“We were training when I spotted Chhetri bhai in the gallery. As a Bengaluru FC fan, that was such a big surprise. I was so happy! And then a little while later I saw Paartalu doing some individual training at a distance. He wasn’t close but yet he was like a giant,” recalls Ajith, with his voice suggesting awe.

Things have moved fast since that day and while he cannot contain his joy at becoming a Bengaluru FC player, he admits he didn’t believe the first signs of interest the club showed to sign him.

“When I was first told about Bengaluru FC’s interest, I didn’t believe it. I brushed it aside because…” he pauses to gather his thoughts. “We are talking about Bengaluru FC and me. It was hard to believe.”

Ajith knows the task at hand as he prepares for his first season in the Indian Super League.

“It has all settled in now and I know that I have to repay the club’s faith in me. I come at a time when someone who has been playing my position (Nishu Kumar) for the past few years has left the club now. The bar is pretty high, I know,” he says, before adding “That’s a bar I want to match and then surpass. I know how difficult it is but that is what I have signed up for.”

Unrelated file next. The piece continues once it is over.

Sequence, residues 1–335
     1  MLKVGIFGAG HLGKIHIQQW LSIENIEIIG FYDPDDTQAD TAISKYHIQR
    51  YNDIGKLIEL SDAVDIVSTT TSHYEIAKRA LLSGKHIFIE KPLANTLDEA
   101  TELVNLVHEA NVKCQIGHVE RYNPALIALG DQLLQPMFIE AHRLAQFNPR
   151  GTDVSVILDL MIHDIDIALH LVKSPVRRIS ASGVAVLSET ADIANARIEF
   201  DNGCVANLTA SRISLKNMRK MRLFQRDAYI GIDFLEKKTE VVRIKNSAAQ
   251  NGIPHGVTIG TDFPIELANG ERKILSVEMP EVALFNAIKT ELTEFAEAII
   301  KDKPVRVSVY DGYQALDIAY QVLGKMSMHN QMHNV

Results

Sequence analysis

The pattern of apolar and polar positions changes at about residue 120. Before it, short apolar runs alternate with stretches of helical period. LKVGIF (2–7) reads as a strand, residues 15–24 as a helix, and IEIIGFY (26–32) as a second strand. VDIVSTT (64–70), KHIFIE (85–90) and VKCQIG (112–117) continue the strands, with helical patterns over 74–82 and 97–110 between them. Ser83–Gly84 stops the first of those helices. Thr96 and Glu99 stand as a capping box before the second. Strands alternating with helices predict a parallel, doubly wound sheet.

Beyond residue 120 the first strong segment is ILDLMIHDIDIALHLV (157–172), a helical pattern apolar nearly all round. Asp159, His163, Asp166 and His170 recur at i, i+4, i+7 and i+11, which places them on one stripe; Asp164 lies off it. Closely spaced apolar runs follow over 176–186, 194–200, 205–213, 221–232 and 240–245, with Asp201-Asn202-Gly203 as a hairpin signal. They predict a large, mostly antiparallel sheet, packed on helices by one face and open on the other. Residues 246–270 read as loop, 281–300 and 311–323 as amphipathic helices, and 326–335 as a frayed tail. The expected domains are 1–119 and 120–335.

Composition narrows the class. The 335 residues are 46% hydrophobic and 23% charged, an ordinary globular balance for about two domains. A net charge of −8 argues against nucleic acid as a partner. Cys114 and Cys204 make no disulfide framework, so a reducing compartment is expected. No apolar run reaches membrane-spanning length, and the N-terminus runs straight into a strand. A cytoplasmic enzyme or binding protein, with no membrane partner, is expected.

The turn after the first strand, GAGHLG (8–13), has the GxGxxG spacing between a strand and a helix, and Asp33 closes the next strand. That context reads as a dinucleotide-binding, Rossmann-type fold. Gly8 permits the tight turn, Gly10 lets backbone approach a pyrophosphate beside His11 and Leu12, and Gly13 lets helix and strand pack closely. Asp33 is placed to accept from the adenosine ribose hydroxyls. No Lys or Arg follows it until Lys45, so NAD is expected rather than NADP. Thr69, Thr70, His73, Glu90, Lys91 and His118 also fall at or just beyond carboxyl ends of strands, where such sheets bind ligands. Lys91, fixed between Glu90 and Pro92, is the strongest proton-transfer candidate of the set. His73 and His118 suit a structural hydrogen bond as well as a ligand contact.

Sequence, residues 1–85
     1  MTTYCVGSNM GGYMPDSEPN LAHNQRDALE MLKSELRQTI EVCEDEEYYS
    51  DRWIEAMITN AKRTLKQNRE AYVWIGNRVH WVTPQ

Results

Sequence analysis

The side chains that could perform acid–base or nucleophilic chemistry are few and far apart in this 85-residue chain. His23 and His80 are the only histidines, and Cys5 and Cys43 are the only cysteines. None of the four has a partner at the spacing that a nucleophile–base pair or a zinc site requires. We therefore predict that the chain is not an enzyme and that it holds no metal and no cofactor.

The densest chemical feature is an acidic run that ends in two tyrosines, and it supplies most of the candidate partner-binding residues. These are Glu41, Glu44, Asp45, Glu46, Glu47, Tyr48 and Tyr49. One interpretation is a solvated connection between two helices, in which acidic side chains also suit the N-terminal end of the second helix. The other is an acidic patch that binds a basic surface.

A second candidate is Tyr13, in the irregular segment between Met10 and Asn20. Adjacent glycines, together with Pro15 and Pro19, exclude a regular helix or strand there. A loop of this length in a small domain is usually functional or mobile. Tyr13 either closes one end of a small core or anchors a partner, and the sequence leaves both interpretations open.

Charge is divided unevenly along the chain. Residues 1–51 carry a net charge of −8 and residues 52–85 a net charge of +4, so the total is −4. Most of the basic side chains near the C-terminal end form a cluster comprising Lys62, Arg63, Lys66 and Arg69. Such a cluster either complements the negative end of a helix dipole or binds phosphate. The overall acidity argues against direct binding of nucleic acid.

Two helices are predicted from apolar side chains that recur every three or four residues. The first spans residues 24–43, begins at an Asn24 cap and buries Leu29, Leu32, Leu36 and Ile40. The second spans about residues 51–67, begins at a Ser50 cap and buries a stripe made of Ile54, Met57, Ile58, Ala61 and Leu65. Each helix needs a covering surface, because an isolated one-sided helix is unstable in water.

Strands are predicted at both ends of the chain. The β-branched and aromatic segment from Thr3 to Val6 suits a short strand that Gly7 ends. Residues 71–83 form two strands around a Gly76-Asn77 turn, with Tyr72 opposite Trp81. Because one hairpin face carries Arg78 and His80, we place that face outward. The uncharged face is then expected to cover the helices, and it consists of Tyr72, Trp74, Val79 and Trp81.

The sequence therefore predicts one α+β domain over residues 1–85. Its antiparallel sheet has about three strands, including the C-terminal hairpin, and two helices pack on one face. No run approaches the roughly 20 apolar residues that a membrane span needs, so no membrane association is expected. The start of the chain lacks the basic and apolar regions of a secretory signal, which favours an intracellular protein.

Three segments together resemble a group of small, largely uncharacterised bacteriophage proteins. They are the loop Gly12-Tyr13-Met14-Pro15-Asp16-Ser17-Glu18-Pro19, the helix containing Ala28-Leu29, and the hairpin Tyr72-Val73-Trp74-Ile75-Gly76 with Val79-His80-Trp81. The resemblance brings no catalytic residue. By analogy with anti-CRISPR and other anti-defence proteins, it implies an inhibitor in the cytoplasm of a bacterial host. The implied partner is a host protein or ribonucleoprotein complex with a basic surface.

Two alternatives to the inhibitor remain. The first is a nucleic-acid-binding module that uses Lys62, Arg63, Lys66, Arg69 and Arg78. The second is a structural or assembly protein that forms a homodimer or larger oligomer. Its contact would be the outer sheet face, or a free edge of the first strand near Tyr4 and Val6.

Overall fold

“For me, this move is a blessing. To represent the club that I have followed closely on TV, to wear the shirt and rub shoulders with players I have been following for a while, I am very excited.”

How does a Chennai lad, who has mostly played for various academies and clubs in and around the city, take to a club that’s across the border?

“I have been a fan of the club right from the start. The way they played, the infrastructure, the fan base, the quality of Indian players – most of them are national team players – everything about the club was great.”

“The general idea, if you ask anyone, is that if you are good enough to play for BFC then you are good enough to play for your country. Most Indians who played for them have also put on the Indian shirt. My aim is also to represent the country. I know that I have to do well with BFC for that and I will give my all from day one.”